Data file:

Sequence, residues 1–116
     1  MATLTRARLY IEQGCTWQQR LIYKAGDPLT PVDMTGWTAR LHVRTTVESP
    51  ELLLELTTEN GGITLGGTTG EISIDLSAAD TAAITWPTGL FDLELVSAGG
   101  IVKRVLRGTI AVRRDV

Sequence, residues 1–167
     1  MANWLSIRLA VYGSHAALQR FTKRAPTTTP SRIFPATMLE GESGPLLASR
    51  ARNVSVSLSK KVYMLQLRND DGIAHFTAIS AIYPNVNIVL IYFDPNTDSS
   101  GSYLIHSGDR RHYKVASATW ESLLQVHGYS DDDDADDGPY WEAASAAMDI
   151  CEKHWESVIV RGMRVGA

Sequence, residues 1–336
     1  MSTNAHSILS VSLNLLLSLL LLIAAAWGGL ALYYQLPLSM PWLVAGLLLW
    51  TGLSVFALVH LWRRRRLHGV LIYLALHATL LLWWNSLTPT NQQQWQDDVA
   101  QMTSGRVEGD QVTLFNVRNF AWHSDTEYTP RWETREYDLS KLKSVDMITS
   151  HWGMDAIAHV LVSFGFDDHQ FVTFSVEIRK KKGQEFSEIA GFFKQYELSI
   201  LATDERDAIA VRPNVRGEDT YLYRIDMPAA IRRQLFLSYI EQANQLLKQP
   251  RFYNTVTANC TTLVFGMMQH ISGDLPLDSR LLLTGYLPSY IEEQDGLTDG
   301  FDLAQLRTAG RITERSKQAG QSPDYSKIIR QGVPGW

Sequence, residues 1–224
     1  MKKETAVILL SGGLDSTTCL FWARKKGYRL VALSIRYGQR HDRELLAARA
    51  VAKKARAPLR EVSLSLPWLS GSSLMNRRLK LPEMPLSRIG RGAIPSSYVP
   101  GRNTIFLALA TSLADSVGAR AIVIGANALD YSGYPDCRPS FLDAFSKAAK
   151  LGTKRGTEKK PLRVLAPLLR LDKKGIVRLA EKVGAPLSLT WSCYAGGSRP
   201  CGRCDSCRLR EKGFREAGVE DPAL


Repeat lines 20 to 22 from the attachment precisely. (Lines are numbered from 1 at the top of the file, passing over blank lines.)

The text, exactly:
    51  VAKKARAPLR EVSLSLPWLS GSSLMNRRLK LPEMPLSRIG RGAIPSSYVP
   101  GRNTIFLALA TSLADSVGAR AIVIGANALD YSGYPDCRPS FLDAFSKAAK
   151  LGTKRGTEKK PLRVLAPLLR LDKKGIVRLA EKVGAPLSLT WSCYAGGSRP